To him entrusting all. Incurious man!
Thou dost not ask their names.
MELAMPUS.
Their names!
ENCHANTRESS.
That virgin
[Page 43] Was once the wise Medea. He is Jason,
The brave, the beauteous, all-surpassing Jason.
MELAMPUS.
Detested name!
ENCHANTRESS.
Look up, another scene
Requires thy notice.
[The figure of Love sinks. A third, representing TIME, rises with a mirror.
There his father's house
Receives them; Juno looks from heav'n again
To bless their nuptial bed—Now view two chil­dren—
Fruit of his love—On her maternal lap
Note their disporting innocence. He casts
A tender look. Contentment seems to reign;
When all impairing Time dissolves the ties
Of constancy and truth. He quits Iolcos.
See him in Corinth wedding Creon's daughter.
Why gush those sorrows from thy flooded eyes?
Why burst those notes of anguish from thy soul?
Why dost thou rivet with convulsive grasp
Those hands together? Yet in deeper tones
Of heart-felt anguish must that bosom sound:
Those eyes be delug'd with a stronger tide;
Those hands in sharper agony be wrung.
[The figure of Time sinks. A FURY ascends with a mirror.
Look, where, to madness hurry'd by the Furies,
The lost Medea draws the murd'rous blade
Fresh from the re [...]king bowels of her children.
[Melampus, in consternation and horror, lets fall his shield and spear. She instantly lays her wand on his head. He sinks down in a trance. She throws herself upon him.
Oh, Jason, Jason! O ye faint remains
Of all which nature form'd in man most lovely!
How is that visage worn! How chang'd by care!
Pale, pale, my hero, is that seat of graces,
And all its lustre dead! Alas! sad ruin,
Thou know'st not who enfolds thee! and this kiss,
Giv'n in despight of Juno's stern command,
Thou dost not feel—Thou sleep'st—To me thou ow'st
That rest so long forbidden to thy brow.
Thy lance deserted gave thee to my wand;
That wand hath sav'd thee: thy Medea's love
Once more hath sav'd thee, and deny'd access
To swift distraction, hov'ring o'er thy brain.
[Thunder.
I hear thee, chiding goddess.
[She rises.
Yet no longer
In these sepulchral shadows shall he lie.
Avaunt, ye horrors!
[The scene changes to the garden and palace again.
Blasted be my arts.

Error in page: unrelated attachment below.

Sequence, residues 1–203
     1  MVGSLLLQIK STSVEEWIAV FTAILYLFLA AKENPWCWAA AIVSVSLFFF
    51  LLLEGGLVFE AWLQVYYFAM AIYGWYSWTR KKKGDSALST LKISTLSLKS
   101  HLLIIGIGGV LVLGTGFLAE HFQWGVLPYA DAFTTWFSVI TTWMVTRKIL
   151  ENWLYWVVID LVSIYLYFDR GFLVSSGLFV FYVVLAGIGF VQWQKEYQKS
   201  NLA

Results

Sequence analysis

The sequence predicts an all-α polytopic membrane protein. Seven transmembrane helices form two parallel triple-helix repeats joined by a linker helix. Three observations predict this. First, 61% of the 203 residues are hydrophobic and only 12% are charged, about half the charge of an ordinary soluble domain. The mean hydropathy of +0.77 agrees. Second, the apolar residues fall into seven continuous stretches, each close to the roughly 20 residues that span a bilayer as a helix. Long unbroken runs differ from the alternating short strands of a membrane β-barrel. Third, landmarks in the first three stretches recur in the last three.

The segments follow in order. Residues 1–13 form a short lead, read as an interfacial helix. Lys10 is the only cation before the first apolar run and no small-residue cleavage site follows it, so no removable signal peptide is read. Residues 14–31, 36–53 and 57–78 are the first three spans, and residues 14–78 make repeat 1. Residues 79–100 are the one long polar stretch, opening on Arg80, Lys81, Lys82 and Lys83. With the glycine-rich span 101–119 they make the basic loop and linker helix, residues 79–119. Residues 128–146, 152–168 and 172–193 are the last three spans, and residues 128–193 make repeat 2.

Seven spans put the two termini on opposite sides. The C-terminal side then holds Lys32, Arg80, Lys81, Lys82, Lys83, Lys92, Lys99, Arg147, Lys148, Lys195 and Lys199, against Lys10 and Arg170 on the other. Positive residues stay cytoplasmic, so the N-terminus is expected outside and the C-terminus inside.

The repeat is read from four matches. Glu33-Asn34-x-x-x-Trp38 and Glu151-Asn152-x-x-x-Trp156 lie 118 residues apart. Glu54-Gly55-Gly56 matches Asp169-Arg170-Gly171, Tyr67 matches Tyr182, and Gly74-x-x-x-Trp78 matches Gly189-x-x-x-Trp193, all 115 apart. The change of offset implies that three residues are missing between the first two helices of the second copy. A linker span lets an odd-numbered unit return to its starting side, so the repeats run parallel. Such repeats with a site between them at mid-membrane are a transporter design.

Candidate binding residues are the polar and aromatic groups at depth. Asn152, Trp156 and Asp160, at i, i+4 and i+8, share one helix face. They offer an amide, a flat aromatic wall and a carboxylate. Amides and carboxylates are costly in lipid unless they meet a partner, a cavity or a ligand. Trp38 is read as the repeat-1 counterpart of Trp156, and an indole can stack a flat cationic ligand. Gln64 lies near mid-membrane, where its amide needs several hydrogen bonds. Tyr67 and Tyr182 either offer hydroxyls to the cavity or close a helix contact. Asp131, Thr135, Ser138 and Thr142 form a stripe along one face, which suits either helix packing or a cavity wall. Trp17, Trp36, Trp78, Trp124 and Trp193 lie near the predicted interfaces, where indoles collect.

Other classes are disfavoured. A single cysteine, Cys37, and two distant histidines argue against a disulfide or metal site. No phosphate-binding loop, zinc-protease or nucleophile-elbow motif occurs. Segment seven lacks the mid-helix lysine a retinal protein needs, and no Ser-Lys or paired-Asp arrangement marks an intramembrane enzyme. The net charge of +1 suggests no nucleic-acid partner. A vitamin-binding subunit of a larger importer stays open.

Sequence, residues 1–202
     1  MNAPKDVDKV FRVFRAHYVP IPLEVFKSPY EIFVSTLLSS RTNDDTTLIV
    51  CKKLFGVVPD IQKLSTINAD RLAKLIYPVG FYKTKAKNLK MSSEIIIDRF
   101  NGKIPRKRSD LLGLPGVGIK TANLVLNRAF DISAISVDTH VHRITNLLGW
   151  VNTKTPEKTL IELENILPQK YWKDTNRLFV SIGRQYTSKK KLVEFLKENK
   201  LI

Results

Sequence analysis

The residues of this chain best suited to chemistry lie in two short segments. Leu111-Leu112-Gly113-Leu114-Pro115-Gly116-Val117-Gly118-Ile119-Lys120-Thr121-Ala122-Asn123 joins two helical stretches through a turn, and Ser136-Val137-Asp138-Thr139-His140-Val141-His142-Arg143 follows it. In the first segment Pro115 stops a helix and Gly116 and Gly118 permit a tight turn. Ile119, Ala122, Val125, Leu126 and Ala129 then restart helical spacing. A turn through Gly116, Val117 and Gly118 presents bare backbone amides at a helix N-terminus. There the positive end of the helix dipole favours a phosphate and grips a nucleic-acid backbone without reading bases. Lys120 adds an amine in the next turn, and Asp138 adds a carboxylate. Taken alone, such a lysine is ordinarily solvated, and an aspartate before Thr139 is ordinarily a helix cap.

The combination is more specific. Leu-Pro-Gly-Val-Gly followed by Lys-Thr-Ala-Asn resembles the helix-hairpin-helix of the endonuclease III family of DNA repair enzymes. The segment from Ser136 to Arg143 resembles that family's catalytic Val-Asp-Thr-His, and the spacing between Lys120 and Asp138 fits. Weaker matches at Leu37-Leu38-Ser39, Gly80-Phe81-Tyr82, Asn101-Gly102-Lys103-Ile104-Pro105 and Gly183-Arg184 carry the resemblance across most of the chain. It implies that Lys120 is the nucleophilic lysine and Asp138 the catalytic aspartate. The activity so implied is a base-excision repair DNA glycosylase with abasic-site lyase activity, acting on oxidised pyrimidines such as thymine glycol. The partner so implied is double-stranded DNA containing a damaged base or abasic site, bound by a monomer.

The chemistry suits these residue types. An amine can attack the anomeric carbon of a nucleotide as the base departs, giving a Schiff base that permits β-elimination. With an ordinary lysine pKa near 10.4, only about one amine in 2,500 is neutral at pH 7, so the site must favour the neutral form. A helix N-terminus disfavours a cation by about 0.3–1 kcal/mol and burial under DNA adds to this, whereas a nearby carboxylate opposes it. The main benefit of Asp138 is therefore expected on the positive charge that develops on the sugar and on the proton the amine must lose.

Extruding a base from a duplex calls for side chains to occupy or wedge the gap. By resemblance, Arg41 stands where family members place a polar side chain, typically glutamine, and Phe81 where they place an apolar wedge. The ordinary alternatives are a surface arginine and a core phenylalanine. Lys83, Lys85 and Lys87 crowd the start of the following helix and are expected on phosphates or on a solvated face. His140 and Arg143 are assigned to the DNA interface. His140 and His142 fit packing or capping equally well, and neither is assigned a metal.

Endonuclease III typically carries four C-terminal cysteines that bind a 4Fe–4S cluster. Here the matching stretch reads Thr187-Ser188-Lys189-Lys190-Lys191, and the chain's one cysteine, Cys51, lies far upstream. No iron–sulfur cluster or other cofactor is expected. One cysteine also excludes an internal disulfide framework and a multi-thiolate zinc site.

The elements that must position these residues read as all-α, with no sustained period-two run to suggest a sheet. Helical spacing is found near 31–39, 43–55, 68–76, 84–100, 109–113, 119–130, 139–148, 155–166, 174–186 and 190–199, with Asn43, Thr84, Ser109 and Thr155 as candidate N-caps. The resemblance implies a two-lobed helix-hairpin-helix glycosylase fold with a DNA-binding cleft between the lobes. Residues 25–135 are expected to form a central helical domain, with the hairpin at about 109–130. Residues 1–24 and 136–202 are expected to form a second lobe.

O execrable series of enchantments,
So strongly wove by unforgiving pride!
That not my pity, not imperial Juno,
Were she appeas'd, nor Demogorgon's pow'r,
Could he relent, the texture can unwind.
He only must unweave it; and at last
[Looking on Melampus.
May sail by some involuntary error:
So hath capricious sorcery contriv'd.
Yet shalt not thou offend him with thy beams,
Meridian sun. Ye laurell'd shades, appear;
Attend, ye myrtles; o'er his head embower.
Sost winds, refresh him; and persume him, roses.
[A bower rises round Melampus.

SCENE V.

Enchantress and CASSANDANE from the palace, in tears.
ENCHANTRESS.
Poor Cassandane, sorrowful, like me,
Stands weeping yonder. Restless too with terror
She courts my beck'ning hand. Approach, dear maid.
To dry those tears, and calm that sighing breast,
This morn I gave thee entrance. Dost thou fear?
CASSANDANE.
How can I fear such goodness? But thy power,
Stupendous in achievement, hath depress'd
My grief-worn senses. Thunder at thy call
Peal'd in my ears; blue lightnings dimm'd my sight;
Earth felt thy foot, and shook like Cassandane.
ENCHANTRESS.
For thee and me these talents I exert.
Grief-worn, both labour with resembling evils.
Mine yet are undiscover'd. Thine I know;
Thy noble father's suff'rings too I know,
And long have pity'd. Be compos'd.
CASSANDANE.
I am,
When thou art near me.
ENCHANTRESS.
In the present hour
[Page 46] We must be near each other, must unite
In mutual efforts.
CASSANDANE.
Mutual efforts! How?
Why in this hour?
ENCHANTRESS.
The crisis of our fates
Is nigh.
CASSANDANE.
I tremble. What! of thine and mine?
ENCHANTRESS.
Of both. Look there.
(Pointing to Melampus.)
CASSANDANE
starts; then, with her eyes fixed upon him, speaks:
Dead! Dead! That sorm of manhood
Erect and noble, which allur'd my eye,
And melted thine, as winding through thy groves
His glances reach'd thy palace, is reduc'd
To clay, and soon will dissipate in dust.
My tongue was feeble to describe his sorrows,
And to appease thy anger strove in vain.
Forgive fresh tears and wonder.
ENCHANTRESS.
Faultless virgin,
Why dost thou ask forgiveness?
CASSANDANE.
Blind to science,
I never trac'd the spangled robe of night,
Nor knew the power of numbers. Though the meads
[Page 47] Yield their mysterious plants to hurt or heal,
I with unheeding ignorance pass by.
If I misjudge of thy transcendent works,
O'erlook my want of knowledge. But this deed—
ENCHANTRESS.
What deed, my Cassandane?
CASSANDANE.
Spare my weakness.